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Rays of Light Bible Lessons by Keith Holder


Matthew 25:14-15 For the kingdom of heaven is as a man traveling into a far country, who called his own servants, and delivered unto them his goods. And to one he gave five talents, to another two, and to another one; to every man according to his several ability; and straightway took his journey. (Also see Vss.16-30).

The preceding parable of the wise and foolish virgins taught us the lesson of being prepared to meet our Savior when he returns to receive His faithful servants. The parable in this lesson teaches us to work diligently, as a Christian, using our various talents and abilities to their fullest extent serving God, the cause of Christ, and the physical and spiritual wellbeing of others. This is a Christian responsibility that we must not overlook as we prepare to meet our maker on Judgment Day. In this parable, the man represents Jesus Christ, the Head of His Church, and the three servants represent Christians with varying degrees of talents, whom He has purchased with His own blood. One willingly submits to this servitude through hearing the word of God, believing Jesus is the Son of God and our Savior, confessing this belief, repenting of past sins, and being baptized into His body. These are the initial acts of obedience by which one becomes a Christian. As newborn servants of Christ, we are expected to labor for our Master.

In the subject parable, we learn that each servant was given talents based on their abilities. In monetary value, the talent has been variously described, but in all instances, it is considered to be a large sum of money. In today's language we speak of talents as abilities, as a person is very talented, or his talent is singing, all considered to be gifts. Or, as some say, ournatural talents are from birth. Indeed people do possess a wide variety of natural abilities. Some are more gifted than others. The householder, or owner, in the parable recognized this in his three servants and distributed his goods accordingly, giving more of his possessions to those that had greater abilities to use it, as he would have done. This is also true in the kingdom of heaven. The body of Christ is made up of individual Christians each having different abilities. The work of the church has no limits. There is always sufficient work available for the most talented or the least talented of its members. Just as the householder required of his servants to use the talents given them profitably, so God, through Jesus Christ, requires all His children to labor in His vineyard using their talents to their fullest extent - to be profitable in His kingdom.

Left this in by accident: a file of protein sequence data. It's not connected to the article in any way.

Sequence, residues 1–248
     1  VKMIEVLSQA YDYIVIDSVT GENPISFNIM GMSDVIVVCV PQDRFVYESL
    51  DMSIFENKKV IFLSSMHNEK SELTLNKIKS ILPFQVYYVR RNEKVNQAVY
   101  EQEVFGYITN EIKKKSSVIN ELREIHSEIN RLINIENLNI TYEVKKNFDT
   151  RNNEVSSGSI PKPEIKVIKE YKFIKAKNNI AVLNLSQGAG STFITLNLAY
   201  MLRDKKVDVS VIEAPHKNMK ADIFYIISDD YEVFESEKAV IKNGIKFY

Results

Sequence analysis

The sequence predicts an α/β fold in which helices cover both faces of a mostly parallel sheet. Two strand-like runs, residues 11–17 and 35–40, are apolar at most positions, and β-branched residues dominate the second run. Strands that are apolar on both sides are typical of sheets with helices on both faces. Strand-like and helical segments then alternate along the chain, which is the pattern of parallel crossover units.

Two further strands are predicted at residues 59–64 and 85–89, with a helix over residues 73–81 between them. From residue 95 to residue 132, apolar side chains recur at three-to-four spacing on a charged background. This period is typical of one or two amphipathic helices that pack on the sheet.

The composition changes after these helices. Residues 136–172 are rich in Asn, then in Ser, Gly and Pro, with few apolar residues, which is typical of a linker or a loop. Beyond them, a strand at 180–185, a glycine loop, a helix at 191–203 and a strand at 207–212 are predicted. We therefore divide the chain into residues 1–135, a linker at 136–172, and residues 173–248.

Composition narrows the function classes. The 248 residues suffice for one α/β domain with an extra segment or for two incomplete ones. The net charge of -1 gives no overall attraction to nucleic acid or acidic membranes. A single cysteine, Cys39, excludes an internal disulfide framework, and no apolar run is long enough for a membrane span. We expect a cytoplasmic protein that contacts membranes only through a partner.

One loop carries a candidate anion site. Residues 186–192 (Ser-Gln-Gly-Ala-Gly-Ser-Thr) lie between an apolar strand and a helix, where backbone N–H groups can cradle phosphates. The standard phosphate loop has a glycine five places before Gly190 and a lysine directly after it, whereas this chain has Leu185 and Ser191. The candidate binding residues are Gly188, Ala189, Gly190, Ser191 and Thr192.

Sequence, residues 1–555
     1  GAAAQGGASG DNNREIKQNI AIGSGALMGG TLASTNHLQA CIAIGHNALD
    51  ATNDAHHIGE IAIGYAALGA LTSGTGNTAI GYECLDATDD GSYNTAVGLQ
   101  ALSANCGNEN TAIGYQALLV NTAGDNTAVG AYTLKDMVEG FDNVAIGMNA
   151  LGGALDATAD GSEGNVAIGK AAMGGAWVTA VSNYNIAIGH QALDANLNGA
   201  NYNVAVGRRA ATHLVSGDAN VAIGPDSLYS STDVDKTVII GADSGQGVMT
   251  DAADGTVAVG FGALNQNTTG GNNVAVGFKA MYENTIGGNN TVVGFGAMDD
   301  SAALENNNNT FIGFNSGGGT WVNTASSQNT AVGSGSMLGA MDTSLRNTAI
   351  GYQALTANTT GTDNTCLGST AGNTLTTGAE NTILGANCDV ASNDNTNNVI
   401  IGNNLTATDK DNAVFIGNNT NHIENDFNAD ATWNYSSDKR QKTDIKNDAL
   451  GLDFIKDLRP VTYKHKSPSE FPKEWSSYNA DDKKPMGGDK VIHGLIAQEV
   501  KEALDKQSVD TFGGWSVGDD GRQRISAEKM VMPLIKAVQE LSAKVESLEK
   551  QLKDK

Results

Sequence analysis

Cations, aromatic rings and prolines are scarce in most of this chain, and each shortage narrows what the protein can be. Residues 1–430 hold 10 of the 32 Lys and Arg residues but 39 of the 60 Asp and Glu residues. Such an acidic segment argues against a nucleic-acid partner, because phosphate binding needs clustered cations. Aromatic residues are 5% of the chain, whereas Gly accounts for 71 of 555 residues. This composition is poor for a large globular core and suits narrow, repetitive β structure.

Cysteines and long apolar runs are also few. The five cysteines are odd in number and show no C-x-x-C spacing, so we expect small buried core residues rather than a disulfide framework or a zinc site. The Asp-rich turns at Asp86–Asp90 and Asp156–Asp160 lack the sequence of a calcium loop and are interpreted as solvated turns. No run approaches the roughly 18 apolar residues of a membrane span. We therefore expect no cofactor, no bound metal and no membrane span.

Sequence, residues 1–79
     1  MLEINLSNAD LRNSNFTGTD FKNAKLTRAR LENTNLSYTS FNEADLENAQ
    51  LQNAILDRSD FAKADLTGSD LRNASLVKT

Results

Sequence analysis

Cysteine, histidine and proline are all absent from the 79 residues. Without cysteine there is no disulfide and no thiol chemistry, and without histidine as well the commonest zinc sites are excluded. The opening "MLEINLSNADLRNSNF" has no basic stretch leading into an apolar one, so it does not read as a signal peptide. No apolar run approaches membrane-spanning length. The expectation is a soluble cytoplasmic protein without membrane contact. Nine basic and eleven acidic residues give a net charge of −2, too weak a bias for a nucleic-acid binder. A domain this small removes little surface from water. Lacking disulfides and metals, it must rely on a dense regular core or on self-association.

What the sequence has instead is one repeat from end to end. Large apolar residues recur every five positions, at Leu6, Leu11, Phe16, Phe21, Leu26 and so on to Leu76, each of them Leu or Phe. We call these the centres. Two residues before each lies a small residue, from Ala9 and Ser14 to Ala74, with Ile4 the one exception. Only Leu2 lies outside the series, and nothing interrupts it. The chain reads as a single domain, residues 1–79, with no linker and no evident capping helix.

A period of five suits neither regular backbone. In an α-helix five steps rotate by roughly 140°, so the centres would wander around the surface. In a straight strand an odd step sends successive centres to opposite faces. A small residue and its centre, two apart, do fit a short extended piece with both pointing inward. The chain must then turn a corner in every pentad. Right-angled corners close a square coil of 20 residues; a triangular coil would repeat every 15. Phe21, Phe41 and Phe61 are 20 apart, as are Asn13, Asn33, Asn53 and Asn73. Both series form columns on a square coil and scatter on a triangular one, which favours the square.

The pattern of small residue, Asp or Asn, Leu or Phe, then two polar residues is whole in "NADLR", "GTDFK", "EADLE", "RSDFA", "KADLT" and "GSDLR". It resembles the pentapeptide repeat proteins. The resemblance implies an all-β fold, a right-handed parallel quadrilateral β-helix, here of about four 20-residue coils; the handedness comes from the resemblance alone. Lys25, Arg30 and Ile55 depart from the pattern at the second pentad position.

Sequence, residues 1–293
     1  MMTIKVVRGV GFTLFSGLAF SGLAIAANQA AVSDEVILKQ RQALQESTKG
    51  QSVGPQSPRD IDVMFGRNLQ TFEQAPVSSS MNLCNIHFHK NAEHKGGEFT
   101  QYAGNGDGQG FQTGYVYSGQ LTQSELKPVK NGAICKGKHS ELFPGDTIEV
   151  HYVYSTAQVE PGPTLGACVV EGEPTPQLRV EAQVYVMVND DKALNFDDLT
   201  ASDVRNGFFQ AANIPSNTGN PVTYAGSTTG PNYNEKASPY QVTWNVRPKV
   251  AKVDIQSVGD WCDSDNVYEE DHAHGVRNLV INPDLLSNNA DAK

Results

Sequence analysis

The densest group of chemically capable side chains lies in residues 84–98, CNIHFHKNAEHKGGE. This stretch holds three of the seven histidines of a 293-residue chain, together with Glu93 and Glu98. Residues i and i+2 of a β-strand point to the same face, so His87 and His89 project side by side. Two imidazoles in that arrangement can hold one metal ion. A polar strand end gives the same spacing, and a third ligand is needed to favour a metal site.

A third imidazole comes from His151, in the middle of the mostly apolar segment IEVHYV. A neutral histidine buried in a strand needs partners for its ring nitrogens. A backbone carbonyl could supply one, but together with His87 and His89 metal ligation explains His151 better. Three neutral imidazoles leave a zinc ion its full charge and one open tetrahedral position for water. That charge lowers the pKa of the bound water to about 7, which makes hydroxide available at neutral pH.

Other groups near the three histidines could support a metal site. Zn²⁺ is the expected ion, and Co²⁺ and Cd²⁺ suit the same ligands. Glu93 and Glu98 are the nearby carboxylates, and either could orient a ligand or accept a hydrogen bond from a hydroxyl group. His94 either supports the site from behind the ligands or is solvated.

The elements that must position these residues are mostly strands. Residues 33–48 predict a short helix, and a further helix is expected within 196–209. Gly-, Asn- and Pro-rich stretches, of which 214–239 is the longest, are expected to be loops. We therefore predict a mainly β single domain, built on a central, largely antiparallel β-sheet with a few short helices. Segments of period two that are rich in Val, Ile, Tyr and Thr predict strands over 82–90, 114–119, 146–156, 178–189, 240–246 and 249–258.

In the parable, the servants given five and two talents applied their abilities, had profitable results, and received praise from their owner for their efforts. However, the servant given one talent showed no profit when his owner returned. Although this servant was given only one talent, he was judged by his master to have sufficient ability to use it profitably. Here, the servant failed. He hid the talent given him and did not put it to work. The least he could have done was to invest it in order to earnthe minimal of interest. For his failure, the servant given one talent was severely reprimanded. His talent was taken from him, given to the servant that hand been given ten talents. And ultimately, He was given an extreme, final judgment of eternal punishment, being cast ...into outer darkness. Certainly this parable teaches us that, in the sight of God, any talent hidden and unusedis a talent wasted. It also teaches us that God is pleased when Christians use their talents and abilities wisely and are profitable to the cause of Christ. Likewise, God is displeased when one hides and wastes their talents, even those having the least of abilities.

With this parable before us, each Christian should take a close look at their own selves - each should audit the use of their own personal assets in light of their profitability. What are your talents? What are you capable of doing? Are you using your abilities to their fullest extent? Do you turn down the requests of elders, deacons and other members of the body of Christ without trying to fill these requests? Generally a Christian is capable of accomplishing much more that they think they can. If so, then aren't you hiding a portion of your talent? Why not try? Do you think that God would be dissatisfied with you if you tried and failed to do a task that you were not capable of doing? Surely not, but rather He would probably commend you with a "pat on the back" and suggest that you keep on trying. The church needs elders and deacons, preachers and teachers, missionaries, song leaders, prayer leaders, care givers, edifiers, and encouragers. The church needs members that try to use their talents profitably. God would never hold us responsible for works that exceed our talents, but he does expect us to use our talents to their fullest extent.